house of happy

Life adventures in prose and verse. Explorations of places, people and words. Stories and fun.

Tuesday, 2 October 2012

Islamabad Club

You stop at the gates of the Islamabad Club and - as the guest of a member - small miracle! they let you in. You drive under glittering palm trees, roll past an army of people opening car doors for the Illustrious and the Important. As they step out, my word, how shiny their shoes are, how remote their eye.

You meet your friend - the Member - in a Lounge of fine carpets, discreet lighting, smooth, low voices. You sit, smile and, before the first greeting is over, you're out in the hallway again, ushered by the most suave of slaves. Children are not allowed in the Lounge. Kira pales a little, in the glare of rejection. 'What did I do' she seems to say.

You all walk to the azure swimming pool of the Islamabad Club - surely, water can't be this blue, this clean, this fresh, tiles couldn't possibly stand so equal in their place. As a guest, you can't possibly swim (but you can look and you can dream...)

You walk again, to the Family Dining Room. There IS Another Dining Room but your best clothes are not good enough to get you there. And your child, well, your child disqualifies you downright. Not that you know this just now, or that you'd care either way. The company's great, the waiters know exactly what to ask and when to smile, the food arrives fast. The fish meuniere swims in oil, the burger reeks of slaughterhouse fear, but the dhaal is good, not too hot, not too dry, the spinach mush much hotter but the yoghurt helps if you will try...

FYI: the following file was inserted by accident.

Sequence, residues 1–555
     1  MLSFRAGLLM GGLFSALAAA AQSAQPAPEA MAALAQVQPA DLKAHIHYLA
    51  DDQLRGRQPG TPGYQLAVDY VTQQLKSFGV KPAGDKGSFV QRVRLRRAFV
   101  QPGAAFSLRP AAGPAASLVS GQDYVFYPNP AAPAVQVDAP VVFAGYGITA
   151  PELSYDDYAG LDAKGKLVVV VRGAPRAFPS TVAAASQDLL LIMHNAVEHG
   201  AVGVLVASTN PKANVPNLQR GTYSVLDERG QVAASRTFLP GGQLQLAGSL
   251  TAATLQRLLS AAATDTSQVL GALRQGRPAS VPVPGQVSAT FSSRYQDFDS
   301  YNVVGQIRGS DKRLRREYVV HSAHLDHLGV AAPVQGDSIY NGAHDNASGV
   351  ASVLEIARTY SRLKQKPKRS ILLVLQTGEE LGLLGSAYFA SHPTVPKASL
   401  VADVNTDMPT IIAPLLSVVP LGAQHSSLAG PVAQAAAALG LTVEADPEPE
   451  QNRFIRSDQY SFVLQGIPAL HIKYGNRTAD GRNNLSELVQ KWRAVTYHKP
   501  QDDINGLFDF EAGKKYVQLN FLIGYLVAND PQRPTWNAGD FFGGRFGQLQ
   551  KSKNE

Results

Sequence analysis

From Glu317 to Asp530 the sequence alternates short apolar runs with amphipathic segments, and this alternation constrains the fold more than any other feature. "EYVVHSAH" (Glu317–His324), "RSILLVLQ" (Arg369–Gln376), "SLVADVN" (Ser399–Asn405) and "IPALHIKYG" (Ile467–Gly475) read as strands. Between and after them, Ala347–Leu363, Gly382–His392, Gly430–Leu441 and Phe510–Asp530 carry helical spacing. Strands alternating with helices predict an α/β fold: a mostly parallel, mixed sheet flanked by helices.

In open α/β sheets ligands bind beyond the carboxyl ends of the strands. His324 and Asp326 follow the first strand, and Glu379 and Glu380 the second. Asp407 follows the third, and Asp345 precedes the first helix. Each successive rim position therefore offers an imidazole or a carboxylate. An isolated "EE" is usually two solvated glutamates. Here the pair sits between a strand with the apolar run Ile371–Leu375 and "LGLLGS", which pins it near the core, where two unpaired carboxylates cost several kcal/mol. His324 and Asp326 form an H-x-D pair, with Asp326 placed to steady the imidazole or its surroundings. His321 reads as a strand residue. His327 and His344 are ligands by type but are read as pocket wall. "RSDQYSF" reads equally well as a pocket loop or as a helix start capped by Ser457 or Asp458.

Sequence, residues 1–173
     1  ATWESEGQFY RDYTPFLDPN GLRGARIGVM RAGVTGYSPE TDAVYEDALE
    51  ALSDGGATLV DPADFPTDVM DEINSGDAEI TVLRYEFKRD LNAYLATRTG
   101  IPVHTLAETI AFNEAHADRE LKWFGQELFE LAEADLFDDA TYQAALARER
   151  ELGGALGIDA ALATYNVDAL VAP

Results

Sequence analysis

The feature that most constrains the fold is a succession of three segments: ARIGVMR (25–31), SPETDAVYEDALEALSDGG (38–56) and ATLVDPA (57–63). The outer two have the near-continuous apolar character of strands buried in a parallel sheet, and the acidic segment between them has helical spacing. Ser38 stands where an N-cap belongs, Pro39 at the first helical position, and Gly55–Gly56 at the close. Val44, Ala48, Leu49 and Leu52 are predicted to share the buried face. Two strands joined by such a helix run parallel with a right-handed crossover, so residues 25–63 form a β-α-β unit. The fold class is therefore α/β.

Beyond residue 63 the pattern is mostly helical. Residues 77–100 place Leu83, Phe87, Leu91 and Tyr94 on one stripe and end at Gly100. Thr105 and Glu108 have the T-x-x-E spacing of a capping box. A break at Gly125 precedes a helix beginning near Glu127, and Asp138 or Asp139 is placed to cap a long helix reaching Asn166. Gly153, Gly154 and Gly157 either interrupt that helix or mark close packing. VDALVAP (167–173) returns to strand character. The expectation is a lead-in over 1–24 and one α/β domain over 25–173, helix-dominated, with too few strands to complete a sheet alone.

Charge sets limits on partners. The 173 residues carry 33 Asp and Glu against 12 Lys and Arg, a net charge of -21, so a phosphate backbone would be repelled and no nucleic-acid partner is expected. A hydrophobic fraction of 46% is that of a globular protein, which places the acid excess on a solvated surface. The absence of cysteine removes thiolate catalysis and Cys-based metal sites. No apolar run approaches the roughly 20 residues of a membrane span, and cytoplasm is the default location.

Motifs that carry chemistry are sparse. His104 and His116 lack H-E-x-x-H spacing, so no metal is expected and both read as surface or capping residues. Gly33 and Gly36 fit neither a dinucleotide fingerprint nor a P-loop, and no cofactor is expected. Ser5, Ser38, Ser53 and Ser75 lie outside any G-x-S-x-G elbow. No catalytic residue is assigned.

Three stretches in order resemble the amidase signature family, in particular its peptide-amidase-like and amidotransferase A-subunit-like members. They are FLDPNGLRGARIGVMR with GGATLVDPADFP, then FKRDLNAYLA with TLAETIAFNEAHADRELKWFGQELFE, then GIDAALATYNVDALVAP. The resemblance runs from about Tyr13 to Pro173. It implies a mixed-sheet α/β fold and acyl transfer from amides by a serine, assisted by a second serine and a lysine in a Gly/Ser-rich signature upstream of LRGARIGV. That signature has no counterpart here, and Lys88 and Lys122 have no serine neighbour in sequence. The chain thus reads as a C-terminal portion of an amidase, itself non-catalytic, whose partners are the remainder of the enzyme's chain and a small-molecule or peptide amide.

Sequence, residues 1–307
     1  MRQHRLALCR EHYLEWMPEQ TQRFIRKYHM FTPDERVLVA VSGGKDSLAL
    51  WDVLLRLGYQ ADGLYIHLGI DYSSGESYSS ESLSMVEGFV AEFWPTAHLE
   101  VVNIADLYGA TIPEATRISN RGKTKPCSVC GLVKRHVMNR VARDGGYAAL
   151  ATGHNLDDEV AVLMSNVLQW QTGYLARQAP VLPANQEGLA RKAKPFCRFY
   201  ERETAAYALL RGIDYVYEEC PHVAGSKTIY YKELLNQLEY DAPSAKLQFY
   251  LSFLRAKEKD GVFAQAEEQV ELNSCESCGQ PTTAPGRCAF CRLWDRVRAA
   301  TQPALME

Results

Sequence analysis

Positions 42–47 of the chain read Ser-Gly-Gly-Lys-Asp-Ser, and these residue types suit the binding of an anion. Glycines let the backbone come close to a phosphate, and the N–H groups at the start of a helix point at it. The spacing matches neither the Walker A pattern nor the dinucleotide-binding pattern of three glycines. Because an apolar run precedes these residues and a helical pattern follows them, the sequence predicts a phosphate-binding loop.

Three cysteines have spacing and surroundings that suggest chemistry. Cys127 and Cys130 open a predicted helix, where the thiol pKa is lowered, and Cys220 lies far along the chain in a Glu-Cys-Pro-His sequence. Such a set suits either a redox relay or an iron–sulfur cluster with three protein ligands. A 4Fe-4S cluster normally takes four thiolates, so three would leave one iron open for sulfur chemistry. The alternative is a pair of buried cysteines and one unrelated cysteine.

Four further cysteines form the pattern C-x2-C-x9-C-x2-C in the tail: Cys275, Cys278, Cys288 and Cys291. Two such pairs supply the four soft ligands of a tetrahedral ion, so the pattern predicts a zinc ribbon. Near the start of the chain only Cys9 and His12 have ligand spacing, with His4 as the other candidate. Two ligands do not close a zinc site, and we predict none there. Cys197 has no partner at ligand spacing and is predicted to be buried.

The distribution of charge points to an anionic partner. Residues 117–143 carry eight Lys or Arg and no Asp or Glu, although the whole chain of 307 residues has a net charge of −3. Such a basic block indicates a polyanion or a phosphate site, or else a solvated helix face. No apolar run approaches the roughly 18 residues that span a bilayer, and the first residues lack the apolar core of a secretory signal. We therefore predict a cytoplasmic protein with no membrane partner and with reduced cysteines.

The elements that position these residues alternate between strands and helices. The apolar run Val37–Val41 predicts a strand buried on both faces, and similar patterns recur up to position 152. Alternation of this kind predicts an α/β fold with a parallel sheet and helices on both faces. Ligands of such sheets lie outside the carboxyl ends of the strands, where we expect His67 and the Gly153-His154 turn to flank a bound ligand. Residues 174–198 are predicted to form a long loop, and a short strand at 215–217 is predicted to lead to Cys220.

In the glitter of jewelry, in the clink of crystal, you talk about the millions of Pakistanis who - right now - live in sodden tents or worse, under the stormy sky. When it starts raining, your host now tells you as you sip your lassi, they flee their crumbling houses, and sleep under the clouds. Chorus of laughter from the other tables at the Islamabad Club. Kira draws a picture of the waiter as a two-headed Picasso character. One fierce eye rests in the haystack of a half-moustache; the other, closed or very-very small, seems to say 'not now, later, later...'

On the way out, we come across the library of the Islamabad Club, a place of worship almost, like trees or ancient art. A plaque of polished oak, up on the door, says: 'Children under five (5) and maids not allowed.' Oooh, God forbid a child should try to find a pastime in a book, or that a maid should display Curiosity. Children and maids: know your place, no mess, no noise, no play. And should you happen to walk by, pass this door on tiptoe, in utmost silence and leave NO TRACE.

The Islamabad Club is a much-sought-after place. I don't believe I'll join the queue and wait for a member to die.


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